Typically, patients stay in the hospital overnight after surgery and then need to recuperate at home for a month before returning to work. Most men can start to drive a few weeks after surgery. You should avoid heavy lifting for several weeks after surgery. It usually takes about six weeks for most men to feel back to normal.
While you are in the hospital, you will probably be given pain medication by mouth and through a vein (intravenously) in your hand or arm. Your doctor also will probably give you a prescription for a pain medication that you can take at home once you are released from the hospital. Most patients can manage pain at home with acetaminophen (Tylenol) and ibuprofen (Motrin or Advil).
If you have had an open prostatectomy, you will have a wound on your tummy or a wound between your scrotum and your back passage. If you have had a laparoscopic prostatectomy, you will have a few small wounds. You may have a small tube in the wound to drain any fluid coming from it. This is usually removed after a few days.
The combination of anesthesia, lessened activity and narcotic pain medicine often creates problems with bowel function. You may be prescribed stool softeners or laxatives. Drinking fluids, walking and eating frequent, small, easily digestible meals and fruit will help relieve constipation.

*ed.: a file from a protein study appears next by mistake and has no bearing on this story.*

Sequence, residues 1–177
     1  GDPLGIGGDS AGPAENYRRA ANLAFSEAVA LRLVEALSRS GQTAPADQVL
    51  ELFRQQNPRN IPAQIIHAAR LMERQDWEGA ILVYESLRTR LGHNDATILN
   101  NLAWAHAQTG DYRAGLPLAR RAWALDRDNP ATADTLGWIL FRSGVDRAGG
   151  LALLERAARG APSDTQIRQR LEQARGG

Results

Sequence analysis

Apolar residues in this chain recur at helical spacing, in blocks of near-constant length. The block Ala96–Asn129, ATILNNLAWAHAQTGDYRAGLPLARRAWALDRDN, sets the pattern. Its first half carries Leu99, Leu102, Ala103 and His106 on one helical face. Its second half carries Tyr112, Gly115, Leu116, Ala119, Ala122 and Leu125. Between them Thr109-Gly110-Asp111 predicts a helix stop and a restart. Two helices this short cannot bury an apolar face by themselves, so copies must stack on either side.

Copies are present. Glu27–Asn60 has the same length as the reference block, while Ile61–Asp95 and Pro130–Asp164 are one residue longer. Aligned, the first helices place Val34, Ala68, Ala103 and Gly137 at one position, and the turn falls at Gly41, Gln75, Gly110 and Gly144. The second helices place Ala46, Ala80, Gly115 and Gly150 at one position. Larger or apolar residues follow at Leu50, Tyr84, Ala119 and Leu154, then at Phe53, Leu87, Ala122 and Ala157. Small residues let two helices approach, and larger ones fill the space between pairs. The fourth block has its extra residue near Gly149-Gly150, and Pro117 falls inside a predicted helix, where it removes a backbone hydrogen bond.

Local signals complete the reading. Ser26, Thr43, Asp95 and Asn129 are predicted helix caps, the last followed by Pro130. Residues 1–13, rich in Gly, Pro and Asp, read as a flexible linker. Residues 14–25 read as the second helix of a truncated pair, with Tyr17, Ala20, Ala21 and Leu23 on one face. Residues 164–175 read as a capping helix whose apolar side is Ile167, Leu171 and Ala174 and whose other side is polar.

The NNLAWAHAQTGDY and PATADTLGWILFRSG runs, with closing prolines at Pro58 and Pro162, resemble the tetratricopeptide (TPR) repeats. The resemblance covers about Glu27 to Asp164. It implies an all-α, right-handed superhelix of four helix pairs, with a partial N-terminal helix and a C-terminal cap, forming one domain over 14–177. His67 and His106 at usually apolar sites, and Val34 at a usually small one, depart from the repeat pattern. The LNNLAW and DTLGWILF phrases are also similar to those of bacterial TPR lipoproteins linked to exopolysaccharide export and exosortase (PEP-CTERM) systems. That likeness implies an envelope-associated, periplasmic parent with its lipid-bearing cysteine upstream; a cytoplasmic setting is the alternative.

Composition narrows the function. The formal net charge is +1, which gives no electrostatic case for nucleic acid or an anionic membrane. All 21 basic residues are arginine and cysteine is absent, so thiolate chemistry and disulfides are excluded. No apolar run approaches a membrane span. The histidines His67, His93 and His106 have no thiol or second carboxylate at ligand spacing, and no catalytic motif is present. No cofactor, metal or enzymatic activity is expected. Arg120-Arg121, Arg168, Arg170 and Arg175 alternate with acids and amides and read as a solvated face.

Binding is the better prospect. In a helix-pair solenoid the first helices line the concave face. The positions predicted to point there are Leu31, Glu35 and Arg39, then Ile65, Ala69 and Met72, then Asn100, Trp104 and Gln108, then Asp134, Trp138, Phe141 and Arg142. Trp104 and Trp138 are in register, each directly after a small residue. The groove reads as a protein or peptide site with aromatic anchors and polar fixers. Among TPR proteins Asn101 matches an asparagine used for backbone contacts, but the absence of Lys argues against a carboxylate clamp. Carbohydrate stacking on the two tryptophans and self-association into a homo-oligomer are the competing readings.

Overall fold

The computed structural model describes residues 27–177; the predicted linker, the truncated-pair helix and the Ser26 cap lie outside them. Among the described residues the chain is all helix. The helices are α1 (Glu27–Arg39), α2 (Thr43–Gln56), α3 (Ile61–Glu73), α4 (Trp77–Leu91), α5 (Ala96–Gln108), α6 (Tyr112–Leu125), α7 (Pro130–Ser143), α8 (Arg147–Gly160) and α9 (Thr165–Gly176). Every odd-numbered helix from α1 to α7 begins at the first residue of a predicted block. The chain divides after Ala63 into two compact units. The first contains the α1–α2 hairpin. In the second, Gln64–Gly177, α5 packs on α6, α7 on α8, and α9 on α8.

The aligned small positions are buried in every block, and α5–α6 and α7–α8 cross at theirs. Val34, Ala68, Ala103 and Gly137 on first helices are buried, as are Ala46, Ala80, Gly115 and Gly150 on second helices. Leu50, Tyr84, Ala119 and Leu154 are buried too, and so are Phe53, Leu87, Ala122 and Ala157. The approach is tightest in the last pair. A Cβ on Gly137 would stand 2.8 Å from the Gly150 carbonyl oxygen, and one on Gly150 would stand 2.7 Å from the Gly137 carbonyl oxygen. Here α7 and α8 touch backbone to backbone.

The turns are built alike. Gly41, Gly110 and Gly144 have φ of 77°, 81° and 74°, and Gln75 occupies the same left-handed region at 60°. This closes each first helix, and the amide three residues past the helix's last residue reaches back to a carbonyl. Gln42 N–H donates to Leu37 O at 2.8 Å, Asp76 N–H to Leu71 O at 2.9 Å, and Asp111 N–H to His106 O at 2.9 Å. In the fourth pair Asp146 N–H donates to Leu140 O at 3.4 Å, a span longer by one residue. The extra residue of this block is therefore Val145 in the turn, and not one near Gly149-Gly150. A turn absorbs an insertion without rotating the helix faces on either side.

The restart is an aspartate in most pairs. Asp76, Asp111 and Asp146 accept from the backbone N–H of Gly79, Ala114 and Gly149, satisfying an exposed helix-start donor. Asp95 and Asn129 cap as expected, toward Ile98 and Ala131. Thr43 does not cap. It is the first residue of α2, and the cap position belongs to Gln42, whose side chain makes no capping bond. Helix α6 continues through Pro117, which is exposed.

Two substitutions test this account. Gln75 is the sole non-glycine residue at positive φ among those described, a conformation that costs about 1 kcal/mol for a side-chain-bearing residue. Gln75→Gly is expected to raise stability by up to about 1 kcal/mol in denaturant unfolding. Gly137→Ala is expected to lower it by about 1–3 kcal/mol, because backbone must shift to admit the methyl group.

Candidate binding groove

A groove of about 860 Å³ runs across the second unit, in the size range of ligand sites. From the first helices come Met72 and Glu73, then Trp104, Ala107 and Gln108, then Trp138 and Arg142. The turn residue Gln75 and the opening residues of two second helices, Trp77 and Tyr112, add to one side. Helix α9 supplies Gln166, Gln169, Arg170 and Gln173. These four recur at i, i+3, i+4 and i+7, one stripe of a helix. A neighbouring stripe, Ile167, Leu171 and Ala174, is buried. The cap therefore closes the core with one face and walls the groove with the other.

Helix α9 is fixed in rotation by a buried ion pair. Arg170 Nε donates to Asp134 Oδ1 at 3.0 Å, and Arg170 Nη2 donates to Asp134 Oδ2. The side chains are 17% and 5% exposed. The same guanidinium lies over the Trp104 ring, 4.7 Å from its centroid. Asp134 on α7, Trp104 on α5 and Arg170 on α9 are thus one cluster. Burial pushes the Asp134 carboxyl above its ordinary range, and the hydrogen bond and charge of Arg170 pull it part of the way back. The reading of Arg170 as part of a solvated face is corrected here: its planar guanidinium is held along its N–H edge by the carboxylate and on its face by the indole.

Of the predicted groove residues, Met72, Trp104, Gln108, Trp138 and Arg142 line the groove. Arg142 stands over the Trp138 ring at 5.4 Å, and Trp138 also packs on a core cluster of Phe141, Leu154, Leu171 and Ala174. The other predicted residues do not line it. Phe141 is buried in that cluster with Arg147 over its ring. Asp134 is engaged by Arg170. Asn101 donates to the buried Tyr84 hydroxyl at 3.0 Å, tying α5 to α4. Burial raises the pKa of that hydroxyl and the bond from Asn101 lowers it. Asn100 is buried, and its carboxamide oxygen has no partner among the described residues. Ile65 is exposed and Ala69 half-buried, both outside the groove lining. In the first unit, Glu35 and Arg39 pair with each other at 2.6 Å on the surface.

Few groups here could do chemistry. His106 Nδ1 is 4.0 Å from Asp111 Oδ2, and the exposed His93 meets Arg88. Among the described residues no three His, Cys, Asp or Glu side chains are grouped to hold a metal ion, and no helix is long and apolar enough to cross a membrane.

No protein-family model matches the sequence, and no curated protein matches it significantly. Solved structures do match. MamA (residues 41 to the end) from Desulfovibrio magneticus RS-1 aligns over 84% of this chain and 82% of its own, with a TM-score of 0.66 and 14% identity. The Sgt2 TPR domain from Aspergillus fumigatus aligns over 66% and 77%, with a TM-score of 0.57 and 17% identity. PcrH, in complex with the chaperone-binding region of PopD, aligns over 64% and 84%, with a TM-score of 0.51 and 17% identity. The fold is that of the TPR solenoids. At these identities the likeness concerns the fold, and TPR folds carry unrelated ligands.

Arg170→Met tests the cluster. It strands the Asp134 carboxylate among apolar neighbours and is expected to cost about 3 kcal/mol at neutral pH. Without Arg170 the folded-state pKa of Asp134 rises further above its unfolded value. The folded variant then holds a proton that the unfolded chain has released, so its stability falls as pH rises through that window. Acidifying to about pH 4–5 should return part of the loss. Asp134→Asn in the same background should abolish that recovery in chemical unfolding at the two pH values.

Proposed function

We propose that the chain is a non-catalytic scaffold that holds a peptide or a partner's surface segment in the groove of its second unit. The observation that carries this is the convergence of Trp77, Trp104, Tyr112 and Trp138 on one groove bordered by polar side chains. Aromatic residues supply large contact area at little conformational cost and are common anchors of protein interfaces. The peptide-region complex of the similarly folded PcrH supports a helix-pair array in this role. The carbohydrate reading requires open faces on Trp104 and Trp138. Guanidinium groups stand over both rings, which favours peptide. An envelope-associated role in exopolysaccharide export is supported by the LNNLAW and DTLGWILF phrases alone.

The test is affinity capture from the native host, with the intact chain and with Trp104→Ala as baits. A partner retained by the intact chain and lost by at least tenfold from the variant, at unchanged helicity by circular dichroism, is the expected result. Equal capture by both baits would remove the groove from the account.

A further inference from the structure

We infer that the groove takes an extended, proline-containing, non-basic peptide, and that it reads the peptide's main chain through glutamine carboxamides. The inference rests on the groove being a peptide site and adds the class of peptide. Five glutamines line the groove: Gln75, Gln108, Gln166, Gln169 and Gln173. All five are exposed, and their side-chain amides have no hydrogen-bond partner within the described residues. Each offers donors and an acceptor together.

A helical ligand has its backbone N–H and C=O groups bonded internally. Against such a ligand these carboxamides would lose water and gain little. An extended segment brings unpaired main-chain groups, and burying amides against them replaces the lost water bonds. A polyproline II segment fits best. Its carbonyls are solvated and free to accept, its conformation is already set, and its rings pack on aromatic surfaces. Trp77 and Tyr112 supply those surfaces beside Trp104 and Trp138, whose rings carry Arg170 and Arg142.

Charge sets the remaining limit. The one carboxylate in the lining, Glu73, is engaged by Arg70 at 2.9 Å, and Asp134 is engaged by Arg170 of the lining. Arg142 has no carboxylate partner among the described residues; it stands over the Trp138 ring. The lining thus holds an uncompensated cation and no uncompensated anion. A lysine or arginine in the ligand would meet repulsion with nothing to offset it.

Doctors recommend no strenuous activity or heavy lifting for at least one month after surgery. Most people take off work for three to four weeks. If you work from home, you could return to work sooner.
By one month after surgery, your life should start getting back to normal. Some men experience side effects, including:
Recovery from surgery takes time. These side effects are often temporary. However, if they are affecting your quality of life, ask your doctor about options that can help.